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Wings of Desire (1987)

Der Himmel über Berlin (original title)
PG-13 | | Drama, Fantasy, Romance | 6 May 1988 (USA)
An angel tires of overseeing human activity and wishes to become human when he falls in love with a mortal.

Director:

Writers:

, (screenplay) | 1 more credit »
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Popularity
4,762 ( 268)

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ON DISC
Nominated for 1 BAFTA Film Award. Another 18 wins & 10 nominations. See more awards »

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Cast

Cast overview, first billed only:
...
...
...
...
Homer
...
Hans Martin Stier ...
In weiteren Rollen - Der Sterbende
Elmar Wilms ...
In weiteren Rollen - Ein trauriger Mann
Sigurd Rachman ...
In weiteren Rollen - Der Selbstmörder
Beatrice Manowski ...
In weiteren Rollen - Das Strichmädchen
Lajos Kovács ...
Im Zirkus - Marion's Trainer
Bruno Rosaz ...
Im Zirkus - Der Clown
Laurent Petitgand ...
Im Zirkus - Der Kapellmeister
Chick Ortega ...
Im Zirkus - Der Schlagzeuger (as Chico Rojo Ortega)
Otto Kuhnle ...
Im Zirkus - Die Jongleure
Christoph Merg ...
Im Zirkus - Der Jongleure

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Storyline

Visible only to those like them and to human children, Damiel and Cassiel are two angels, who have existed even before humankind. Along with several other angels, they currently wander around West Berlin, generally on their own, observing and preserving life, sometimes trying to provide comfort to the troubled, although those efforts are not always successful. Among those they are currently observing are: the cast and crew of a movie - a detective story set in WWII Nazi Germany - which include a sensitive and perceptive Peter Falk; an elderly man named Homer looking for eternal peace; and the troupe of a financially failing circus, which has closed early for the season because of those financial problems. One day, Damiel tells Cassiel that he wants to become human, to feel not only the sensory aspects of physical beings, but also emotional aspects. He embarks on this thought with the full realization that there is no turning back if he decides to do so. His thoughts are largely ... Written by Huggo

Plot Summary | Plot Synopsis

Plot Keywords:

suicide | library | angel | circus | berlin | See All (62) »

Taglines:

There are angels on the streets of Berlin.

Genres:

Drama | Fantasy | Romance

Certificate:

PG-13 | See all certifications »

Parents Guide:

 »
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Details

Country:

|

Release Date:

6 May 1988 (USA)  »

Also Known As:

The Sky Above Berlin  »

Box Office

Gross:

$3,806,540 (USA) (18 September 1998)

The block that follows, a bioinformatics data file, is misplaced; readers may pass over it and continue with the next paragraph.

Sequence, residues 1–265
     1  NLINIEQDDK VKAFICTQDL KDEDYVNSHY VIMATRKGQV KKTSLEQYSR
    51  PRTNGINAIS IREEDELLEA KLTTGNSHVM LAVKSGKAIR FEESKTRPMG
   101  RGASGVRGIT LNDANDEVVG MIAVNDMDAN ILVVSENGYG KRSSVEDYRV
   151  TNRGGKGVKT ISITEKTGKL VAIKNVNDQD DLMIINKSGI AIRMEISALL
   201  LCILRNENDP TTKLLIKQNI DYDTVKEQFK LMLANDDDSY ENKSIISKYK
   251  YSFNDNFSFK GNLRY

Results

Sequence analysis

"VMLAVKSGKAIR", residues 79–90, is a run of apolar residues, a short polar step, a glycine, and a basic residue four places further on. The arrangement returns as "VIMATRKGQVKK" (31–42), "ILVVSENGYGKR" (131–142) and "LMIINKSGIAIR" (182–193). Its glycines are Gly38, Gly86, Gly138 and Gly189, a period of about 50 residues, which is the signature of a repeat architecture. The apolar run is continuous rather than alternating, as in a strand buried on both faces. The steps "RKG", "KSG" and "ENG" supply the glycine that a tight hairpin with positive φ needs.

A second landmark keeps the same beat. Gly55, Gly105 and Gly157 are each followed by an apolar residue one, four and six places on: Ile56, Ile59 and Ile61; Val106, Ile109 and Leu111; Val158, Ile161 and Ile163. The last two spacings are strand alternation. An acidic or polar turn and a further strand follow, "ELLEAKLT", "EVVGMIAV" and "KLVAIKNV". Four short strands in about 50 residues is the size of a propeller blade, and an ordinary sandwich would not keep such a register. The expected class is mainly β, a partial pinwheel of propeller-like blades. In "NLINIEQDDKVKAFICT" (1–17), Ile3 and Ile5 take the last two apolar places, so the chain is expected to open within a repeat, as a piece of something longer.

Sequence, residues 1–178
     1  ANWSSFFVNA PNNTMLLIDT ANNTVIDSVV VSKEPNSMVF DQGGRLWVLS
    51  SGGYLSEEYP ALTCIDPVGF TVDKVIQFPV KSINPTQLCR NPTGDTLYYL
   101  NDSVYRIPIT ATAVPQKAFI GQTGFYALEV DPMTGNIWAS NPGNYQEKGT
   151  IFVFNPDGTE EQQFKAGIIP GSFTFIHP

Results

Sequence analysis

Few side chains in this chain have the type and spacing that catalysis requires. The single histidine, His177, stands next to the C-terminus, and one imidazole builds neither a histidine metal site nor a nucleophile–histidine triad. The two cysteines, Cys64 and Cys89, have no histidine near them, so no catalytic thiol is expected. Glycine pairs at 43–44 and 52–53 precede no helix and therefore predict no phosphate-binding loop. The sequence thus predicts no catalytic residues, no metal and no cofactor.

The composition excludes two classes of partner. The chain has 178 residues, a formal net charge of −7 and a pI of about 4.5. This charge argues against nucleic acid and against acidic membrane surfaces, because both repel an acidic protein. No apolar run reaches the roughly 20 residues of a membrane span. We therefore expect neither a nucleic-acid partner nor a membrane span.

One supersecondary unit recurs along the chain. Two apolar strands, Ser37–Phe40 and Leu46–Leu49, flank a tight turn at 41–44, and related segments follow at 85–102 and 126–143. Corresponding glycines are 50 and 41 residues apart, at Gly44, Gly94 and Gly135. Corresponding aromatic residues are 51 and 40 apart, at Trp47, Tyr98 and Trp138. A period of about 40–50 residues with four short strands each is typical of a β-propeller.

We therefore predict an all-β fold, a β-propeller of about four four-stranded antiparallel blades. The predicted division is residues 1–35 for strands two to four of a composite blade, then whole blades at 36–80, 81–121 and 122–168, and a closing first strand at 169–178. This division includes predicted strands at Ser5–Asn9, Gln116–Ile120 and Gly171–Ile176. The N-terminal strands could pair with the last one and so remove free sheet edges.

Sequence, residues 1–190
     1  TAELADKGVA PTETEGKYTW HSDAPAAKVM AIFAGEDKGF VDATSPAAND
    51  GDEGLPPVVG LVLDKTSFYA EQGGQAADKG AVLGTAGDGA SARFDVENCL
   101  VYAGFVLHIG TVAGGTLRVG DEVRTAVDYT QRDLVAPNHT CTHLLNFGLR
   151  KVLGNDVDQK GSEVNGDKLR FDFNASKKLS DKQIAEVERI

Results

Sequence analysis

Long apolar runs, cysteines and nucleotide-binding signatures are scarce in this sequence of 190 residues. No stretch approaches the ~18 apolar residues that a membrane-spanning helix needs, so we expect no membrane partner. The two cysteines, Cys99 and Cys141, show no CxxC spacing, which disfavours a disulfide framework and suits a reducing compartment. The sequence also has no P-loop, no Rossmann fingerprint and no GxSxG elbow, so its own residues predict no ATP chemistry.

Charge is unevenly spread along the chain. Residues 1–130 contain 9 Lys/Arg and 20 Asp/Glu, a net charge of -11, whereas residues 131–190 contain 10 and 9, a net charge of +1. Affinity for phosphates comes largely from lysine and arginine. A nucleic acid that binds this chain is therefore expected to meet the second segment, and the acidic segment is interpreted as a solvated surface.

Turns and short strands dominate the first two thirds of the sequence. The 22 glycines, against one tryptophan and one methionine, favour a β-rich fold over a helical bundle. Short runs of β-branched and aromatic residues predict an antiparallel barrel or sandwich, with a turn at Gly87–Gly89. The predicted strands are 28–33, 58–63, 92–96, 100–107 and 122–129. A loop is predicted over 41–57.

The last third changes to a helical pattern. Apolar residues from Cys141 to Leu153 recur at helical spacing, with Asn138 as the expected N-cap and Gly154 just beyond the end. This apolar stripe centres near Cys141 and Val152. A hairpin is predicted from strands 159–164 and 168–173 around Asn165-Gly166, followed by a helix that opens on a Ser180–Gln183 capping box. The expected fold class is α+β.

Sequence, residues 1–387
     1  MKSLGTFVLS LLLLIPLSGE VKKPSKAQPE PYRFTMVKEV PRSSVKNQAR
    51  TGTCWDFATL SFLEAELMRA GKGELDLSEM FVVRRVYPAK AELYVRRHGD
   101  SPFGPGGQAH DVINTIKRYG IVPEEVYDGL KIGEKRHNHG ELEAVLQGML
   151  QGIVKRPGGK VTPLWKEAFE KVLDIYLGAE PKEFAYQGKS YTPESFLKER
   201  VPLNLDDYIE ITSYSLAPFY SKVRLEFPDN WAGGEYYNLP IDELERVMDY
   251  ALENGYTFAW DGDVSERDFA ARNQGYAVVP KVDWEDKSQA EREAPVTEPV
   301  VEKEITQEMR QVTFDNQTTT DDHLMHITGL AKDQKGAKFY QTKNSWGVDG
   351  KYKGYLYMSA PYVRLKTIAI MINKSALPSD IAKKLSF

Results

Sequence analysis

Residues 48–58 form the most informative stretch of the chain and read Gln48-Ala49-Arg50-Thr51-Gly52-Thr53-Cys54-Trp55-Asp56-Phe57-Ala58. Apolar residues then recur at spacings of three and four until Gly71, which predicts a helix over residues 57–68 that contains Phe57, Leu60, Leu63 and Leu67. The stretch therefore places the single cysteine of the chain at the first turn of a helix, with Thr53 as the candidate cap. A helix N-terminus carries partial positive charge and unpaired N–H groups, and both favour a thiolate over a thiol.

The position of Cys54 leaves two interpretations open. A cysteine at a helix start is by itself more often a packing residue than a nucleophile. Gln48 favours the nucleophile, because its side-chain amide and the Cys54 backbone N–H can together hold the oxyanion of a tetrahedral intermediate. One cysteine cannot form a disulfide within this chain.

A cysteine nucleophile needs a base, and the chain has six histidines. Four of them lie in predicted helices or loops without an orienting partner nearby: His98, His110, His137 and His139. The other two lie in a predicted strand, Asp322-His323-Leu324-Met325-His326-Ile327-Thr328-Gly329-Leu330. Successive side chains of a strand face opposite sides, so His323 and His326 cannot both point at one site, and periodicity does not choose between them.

»

Company Credits

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Technical Specs

Runtime:

Sound Mix:

Color:

(Eastmancolor)| (partly)

Aspect Ratio:

1.37 : 1
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Did You Know?

Trivia

Several scenes of U2 music video Stay (Faraway, So Close!) are taken directly from Wenders' 1987 film Wings of Desire, which also served as the principal inspiration for the video's premise. See more »

Goofs

When Cassiel is crossing the street, there is a bus coming. You can hear the bus driver let off the accelerator to allow the actor to pass, and then accelerate when he is clear. But the character is an angel, which adults cannot see, yet by the sound of the bus, it is clear that the bus driver sees him. See more »

Quotes

[first lines]
[in German, using English subtitles]
Damiel: [voiceover] When the child was a child, it walked with its arms swinging. It wanted the stream to be a river, the river a torrent, and this puddle to be the sea. When the child was a child, it didn't know it was a child. Everything was full of life, and all life was one. When the child was a child, it had no opinion about anything, no habits. It often sat cross-legged, took off running, had a cowlick in its hair, and didn't make faces when ...
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Crazy Credits

Dedicated to all the former angels, but especially to Yasujiro, François and Andrej. See more »

Connections

Referenced in Madonna: Bad Girl (1993) See more »

Soundtracks

Six Bells Chime
Written by Bronwyn Adams (uncredited), Simon Bonney (uncredited) and Rowland S. Howard
Performed by Crime and The City Solution
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Frequently Asked Questions

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User Reviews

 
Our Town for the Cold War Generation
22 February 2005 | by (United States) – See all my reviews

If my grandchildren ever ask me what it was like back in the Cold War, I'll tell them to watch this movie. It is both frighteningly bleak and lyrically beautiful. It captures the spirit of the times (Western civilization immediately before the fall of the Berlin Wall) better than any movie I've ever seen. And it manages to be a love letter to those times while also showing the place and time in all its inescapable ugliness.

The overall plot moves forward pretty nicely for a movie where plot doesn't seem to matter all that much, and there are some beautiful vignettes, beautifully photographed, acted, and directed. I'm not sure how anyone can make it through the movie without falling in love with Bruno Ganz's angel. I think the movie's lyricism holds up well on multiple viewing -- as long as you liked it the first time. If the self-consciously art-house form bugs you, however, or you find the screenplay's "poetry" to be too facile, you'll probably find this movie grating. I, however, have never seen people reading silently in a public library without thinking of this movie . . . .


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